Novotel partners with WWF to protect and restore oceans

by: Felicity Cousins | June 10, 2024

WORLDWIDE: Accor’s founding brand, Novotel, is partnering with World Wide Fund for Nature (WWF) to champion the protection and restoration of the oceans.

Under the agreement, from 2024 to 2027, WWF France will provide technical expertise to Novotel, and its 580 hotels worldwide, to have a positive impact on the ocean.

Novotel is building a three-year science-based action plan, based on three of the United Nations’ ocean-related actions, namely: reducing marine pollution and ocean acidification, particularly from land-based activities; fighting overfishing and promoting sustainable fishing models; and increasing scientific knowledge and research for ocean health. 

To inform Novotel’s work, WWF will conduct extensive site visits to Novotel hotels to understand property-level operations and practices, assess procurement data and make recommendations, as well as providing a dedicated steering committee to assess the brand’s progress on its commitments throughout the partnership. 

 The WWF partnership has four main objectives:  

  • Work on sustainable seafood policies and supply chains for Novotel hotels and restaurants 
  • Raise guests’ and employees’ awareness of the importance of the world’s oceans 
  • Advocate for ocean preservation to inspire industry and policy makers 
  • Preserve and restore marine biodiversity through support of five WWF flagship projects around the world 

Commenting on the partnership, Karelle Lamouche, CCO premium, midscale & economy division, Accor, said: “Together with our partners, teams and guests, Novotel will lead the charge toward a sustainable future for our oceans, pioneering a new era of environmental stewardship in our hotels and driving industry change.”

Lamouche explained that over-exploitation and pollution are depleting the ocean’s resources, while only a tiny fraction of climate finance is allocated to its preservation. “The ocean’s health affects us all and our collective actions have a profound impact,” she said. “We will rebalance how we engage with it, consume its resources, and invest in its protection and restoration.”

Yann Laurans, conservation director, WWF France, said :“WWF is committed to strategic and innovative partnerships with the largest international and national companies in the world to help them reduce their ecological footprint in a concrete way and to make a positive contribution to the environment.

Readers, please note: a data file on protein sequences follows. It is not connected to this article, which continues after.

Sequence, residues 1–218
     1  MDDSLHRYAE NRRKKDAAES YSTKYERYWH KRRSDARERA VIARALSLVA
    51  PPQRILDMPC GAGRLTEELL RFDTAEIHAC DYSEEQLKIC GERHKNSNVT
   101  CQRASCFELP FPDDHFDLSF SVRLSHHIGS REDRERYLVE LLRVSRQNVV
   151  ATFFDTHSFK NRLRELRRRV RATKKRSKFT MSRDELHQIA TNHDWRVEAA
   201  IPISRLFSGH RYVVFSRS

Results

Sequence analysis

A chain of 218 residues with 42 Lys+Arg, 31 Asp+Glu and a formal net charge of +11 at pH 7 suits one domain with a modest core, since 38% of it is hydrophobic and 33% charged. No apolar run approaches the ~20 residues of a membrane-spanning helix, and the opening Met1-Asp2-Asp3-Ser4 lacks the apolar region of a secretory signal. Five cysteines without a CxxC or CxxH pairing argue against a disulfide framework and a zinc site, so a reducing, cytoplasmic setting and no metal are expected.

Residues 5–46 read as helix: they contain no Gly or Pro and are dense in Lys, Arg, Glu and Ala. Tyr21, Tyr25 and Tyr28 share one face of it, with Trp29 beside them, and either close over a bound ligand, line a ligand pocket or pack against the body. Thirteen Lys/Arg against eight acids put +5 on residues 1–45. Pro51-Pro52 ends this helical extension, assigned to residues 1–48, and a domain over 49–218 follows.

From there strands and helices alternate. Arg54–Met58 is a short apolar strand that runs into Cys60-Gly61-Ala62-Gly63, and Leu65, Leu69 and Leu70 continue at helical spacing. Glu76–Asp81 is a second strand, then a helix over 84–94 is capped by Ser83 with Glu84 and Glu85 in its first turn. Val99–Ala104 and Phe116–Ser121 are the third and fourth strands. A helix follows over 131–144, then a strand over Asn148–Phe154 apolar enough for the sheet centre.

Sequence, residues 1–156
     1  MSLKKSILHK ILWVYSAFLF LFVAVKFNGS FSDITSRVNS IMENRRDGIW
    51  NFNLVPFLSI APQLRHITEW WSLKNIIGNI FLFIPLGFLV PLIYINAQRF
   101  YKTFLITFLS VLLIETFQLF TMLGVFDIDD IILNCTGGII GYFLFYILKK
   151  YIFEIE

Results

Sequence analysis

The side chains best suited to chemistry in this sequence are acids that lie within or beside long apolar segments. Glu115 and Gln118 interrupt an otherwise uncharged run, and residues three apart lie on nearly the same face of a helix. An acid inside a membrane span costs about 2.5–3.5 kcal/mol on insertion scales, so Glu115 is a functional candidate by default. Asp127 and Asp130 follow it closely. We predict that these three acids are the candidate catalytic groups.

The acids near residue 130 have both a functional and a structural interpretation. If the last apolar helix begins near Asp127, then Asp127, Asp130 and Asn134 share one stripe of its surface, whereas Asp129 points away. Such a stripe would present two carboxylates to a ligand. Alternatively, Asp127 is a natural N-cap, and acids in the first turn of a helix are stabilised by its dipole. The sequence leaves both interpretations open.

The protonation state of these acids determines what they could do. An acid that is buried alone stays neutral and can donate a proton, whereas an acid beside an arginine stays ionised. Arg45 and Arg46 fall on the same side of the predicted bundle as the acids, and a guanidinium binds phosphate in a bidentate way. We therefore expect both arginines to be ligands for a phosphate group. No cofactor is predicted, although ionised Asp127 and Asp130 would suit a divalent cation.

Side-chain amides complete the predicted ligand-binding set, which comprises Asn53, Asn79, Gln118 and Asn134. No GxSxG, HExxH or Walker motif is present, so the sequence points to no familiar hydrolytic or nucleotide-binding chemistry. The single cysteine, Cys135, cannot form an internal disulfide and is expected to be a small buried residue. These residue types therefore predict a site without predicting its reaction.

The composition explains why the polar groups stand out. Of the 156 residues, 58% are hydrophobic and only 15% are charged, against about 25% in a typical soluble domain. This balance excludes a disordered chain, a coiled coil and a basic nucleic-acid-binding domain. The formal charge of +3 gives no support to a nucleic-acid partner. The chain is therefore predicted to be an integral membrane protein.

We are confident our world-renowned technical and scientific expertise will help Novotel drive operational change for the greater good of their business and the ocean”. 

Novotel will also be sponsoring several critical WWF ocean-related conservation projects across the world.  

  • The protection of Posidonia, an endemic flowering plant of the Mediterranean which plays a key role as a carbon sink – removing carbon from the atmosphere – and provides benefits to 25 different marine ecosystems. 
  • The identification and removal of “ghost gear” – lost, abandoned and otherwise discarded fishing gear – the deadliest form of marine plastic waste which impacts marine turtles and mammals, elasmobranchs such as sharks, rays and skates, and marine birds.  
  • Supporting the WWF France’s Blue Panda boat, which sails across the Mediterranean carrying out work including scientific dives, protecting cetaceans from collisions with marine vehicles, and protecting endangered species of rays and sharks; as well as introducing the public to the Mediterranean, its conservation challenges, and the work being done to protect it. 
  • Tracking and tracing marine turtles in Asia-Pacific, gathering knowledge on their movements from nesting beaches to migratory corridors and foraging grounds, and mapping critical populations and conservation areas. 
  • Protecting the sea turtles of the Western Atlantic, strengthening regional cooperation on sustainable fishing techniques and combating illegal fishing. Fighting illegal, unreported and unregulated fishing will help protect leatherback turtles breeding on coastal areas of the Guianas, and green and olive ridley turtles from Brazil to Venezuela. 

Read our single-use plastic article about how 32 per cent of all plastic packaging ends up in the sea each year.

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Image: supplied by Accor